Or, more specifically, it will activate a currently dormant image processor chip called the Pixel Visual Core, at least for developers.
It’s Google’s first custom-designed co-processor for consumer products and it’s been built specifically to improve HDR+, letting it run five times faster and at less than one tenth the energy that it would take to use HDR+ with the main chipset.
So in other words it will make HDR photos faster to shoot and less battery-intensive.
Google plans to ultimately enable the Pixel Visual Core for third-party apps too, meaning you’ll be able to take advantage of it even if you don’t use Google’s camera app.
And because the Pixel Visual Core is programmable, more uses for it will be enabled over time, with Google promising that the Pixel 2 will continuously improve as a result.
Available in the coming weeks
In the same blog post Google revealed that Android 8.1 itself will be launched in developer preview mode in the coming weeks, and that Pixel Visual Core will be enabled along with it for developers, with a wider release set for a later time.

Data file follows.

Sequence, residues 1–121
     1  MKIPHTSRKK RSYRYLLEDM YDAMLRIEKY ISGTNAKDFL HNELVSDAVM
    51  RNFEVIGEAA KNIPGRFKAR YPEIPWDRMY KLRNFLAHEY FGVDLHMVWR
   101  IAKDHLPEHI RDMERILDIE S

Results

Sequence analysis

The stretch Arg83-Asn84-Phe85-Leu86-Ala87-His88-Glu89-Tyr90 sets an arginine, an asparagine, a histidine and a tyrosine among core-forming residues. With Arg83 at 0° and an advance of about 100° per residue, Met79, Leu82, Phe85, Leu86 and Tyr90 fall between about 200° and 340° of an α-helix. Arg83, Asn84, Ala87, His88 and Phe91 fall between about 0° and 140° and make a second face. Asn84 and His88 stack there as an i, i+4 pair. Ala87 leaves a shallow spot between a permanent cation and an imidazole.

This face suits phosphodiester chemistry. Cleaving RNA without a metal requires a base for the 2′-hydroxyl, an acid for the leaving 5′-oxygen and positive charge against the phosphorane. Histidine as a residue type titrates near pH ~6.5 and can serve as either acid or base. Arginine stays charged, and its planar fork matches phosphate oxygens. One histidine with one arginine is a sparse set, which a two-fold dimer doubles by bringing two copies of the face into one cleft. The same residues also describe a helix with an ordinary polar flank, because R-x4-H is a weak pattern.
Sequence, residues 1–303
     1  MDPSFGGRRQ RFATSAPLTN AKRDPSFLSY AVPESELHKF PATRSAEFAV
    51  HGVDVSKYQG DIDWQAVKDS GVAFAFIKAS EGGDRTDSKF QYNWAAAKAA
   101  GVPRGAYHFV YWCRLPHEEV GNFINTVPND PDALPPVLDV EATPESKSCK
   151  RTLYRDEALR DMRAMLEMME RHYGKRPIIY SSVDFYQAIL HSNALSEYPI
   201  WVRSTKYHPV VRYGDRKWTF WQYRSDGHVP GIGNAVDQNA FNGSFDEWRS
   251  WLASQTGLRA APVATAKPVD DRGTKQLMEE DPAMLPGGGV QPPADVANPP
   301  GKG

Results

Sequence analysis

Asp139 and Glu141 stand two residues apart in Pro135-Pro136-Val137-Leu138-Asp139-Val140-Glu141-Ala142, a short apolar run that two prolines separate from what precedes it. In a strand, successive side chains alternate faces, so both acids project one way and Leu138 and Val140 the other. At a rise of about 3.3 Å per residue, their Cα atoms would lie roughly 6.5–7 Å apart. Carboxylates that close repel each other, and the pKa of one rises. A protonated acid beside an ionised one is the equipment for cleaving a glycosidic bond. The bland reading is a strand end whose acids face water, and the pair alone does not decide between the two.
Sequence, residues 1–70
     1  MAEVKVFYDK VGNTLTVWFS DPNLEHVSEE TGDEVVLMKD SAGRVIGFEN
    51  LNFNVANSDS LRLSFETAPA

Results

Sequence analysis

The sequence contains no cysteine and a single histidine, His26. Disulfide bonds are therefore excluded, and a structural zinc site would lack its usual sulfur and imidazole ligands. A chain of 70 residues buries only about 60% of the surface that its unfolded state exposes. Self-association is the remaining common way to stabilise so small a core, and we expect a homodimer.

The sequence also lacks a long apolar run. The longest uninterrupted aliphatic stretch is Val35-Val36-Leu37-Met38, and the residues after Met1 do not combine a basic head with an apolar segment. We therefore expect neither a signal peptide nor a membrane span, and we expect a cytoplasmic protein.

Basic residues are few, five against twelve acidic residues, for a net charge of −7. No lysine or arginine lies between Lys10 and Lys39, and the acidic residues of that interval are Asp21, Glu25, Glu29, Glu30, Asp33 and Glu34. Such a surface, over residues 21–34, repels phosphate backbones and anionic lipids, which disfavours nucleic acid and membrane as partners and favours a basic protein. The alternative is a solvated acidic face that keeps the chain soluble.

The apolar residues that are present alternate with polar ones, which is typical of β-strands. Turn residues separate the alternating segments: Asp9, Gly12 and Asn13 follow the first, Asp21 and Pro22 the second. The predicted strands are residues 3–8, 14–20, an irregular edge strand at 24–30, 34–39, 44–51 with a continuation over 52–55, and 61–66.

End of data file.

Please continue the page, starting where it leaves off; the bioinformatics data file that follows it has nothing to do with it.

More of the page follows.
Obviously the final, public release of Android 8.1 will be later, but we probably won’t be waiting too long for it, and if you have a Pixel phone you’ll be among the first to get it.
What, if anything Android 8.1 will add other than the Pixel Visual Core remains to be seen though.
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James is a freelance phones, tablets and wearables writer and sub-editor at TechRadar. He has a love for everything ‘smart’, from watches to lights, and can often be found arguing with AI assistants or drowning in the latest apps. James also contributes to 3G.co.uk, 4G.co.uk and 5G.co.uk and has written for T3, Digital Camera World, Clarity Media and others, with work on the web, in print and on TV.